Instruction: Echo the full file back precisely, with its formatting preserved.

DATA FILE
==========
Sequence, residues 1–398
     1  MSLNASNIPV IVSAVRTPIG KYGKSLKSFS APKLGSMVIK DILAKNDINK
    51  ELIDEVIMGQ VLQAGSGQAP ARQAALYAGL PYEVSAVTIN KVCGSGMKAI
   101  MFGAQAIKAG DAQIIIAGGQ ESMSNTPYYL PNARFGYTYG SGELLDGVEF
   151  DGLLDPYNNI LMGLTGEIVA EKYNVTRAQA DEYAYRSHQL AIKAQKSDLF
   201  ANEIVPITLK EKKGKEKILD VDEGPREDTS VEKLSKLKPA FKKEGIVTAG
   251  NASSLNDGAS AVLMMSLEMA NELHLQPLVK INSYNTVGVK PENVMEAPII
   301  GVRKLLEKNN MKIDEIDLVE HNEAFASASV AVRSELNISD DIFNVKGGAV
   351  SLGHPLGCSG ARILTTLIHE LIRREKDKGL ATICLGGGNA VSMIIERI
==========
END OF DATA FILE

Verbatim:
Sequence, residues 1–398
     1  MSLNASNIPV IVSAVRTPIG KYGKSLKSFS APKLGSMVIK DILAKNDINK
    51  ELIDEVIMGQ VLQAGSGQAP ARQAALYAGL PYEVSAVTIN KVCGSGMKAI
   101  MFGAQAIKAG DAQIIIAGGQ ESMSNTPYYL PNARFGYTYG SGELLDGVEF
   151  DGLLDPYNNI LMGLTGEIVA EKYNVTRAQA DEYAYRSHQL AIKAQKSDLF
   201  ANEIVPITLK EKKGKEKILD VDEGPREDTS VEKLSKLKPA FKKEGIVTAG
   251  NASSLNDGAS AVLMMSLEMA NELHLQPLVK INSYNTVGVK PENVMEAPII
   301  GVRKLLEKNN MKIDEIDLVE HNEAFASASV AVRSELNISD DIFNVKGGAV
   351  SLGHPLGCSG ARILTTLIHE LIRREKDKGL ATICLGGGNA VSMIIERI